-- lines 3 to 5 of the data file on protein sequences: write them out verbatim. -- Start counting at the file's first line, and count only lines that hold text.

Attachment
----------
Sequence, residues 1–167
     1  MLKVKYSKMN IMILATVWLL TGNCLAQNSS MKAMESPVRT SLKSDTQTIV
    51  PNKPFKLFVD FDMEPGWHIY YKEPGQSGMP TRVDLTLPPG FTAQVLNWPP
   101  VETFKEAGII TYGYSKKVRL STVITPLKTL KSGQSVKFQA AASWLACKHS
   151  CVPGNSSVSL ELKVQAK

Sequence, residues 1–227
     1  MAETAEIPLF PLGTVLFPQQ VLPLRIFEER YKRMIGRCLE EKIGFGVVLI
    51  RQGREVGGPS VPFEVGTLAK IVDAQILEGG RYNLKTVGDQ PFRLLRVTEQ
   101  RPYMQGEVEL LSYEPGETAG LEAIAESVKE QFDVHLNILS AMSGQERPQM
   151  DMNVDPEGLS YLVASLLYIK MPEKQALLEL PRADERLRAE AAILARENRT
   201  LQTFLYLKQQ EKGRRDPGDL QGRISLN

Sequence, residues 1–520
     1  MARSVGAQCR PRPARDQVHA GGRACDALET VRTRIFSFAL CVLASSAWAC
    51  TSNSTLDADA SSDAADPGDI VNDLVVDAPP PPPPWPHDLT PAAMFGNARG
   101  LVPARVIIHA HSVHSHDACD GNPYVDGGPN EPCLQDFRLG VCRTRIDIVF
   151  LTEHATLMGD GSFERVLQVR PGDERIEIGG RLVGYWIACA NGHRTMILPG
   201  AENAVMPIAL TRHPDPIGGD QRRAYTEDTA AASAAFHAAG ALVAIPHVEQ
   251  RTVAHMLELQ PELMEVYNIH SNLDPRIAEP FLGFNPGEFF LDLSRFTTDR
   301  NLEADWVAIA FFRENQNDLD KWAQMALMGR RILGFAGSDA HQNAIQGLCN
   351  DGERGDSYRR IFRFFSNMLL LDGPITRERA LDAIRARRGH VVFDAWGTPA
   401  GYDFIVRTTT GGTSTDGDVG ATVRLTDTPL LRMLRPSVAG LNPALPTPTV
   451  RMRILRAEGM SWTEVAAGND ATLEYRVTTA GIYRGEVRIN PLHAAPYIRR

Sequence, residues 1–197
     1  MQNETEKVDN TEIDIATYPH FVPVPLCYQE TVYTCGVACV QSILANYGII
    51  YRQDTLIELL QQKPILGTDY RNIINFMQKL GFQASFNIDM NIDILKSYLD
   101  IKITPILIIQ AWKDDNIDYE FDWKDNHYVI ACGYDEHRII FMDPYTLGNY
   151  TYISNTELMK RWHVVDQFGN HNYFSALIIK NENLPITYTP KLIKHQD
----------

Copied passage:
    51  PNKPFKLFVD FDMEPGWHIY YKEPGQSGMP TRVDLTLPPG FTAQVLNWPP
   101  VETFKEAGII TYGYSKKVRL STVITPLKTL KSGQSVKFQA AASWLACKHS
   151  CVPGNSSVSL ELKVQAK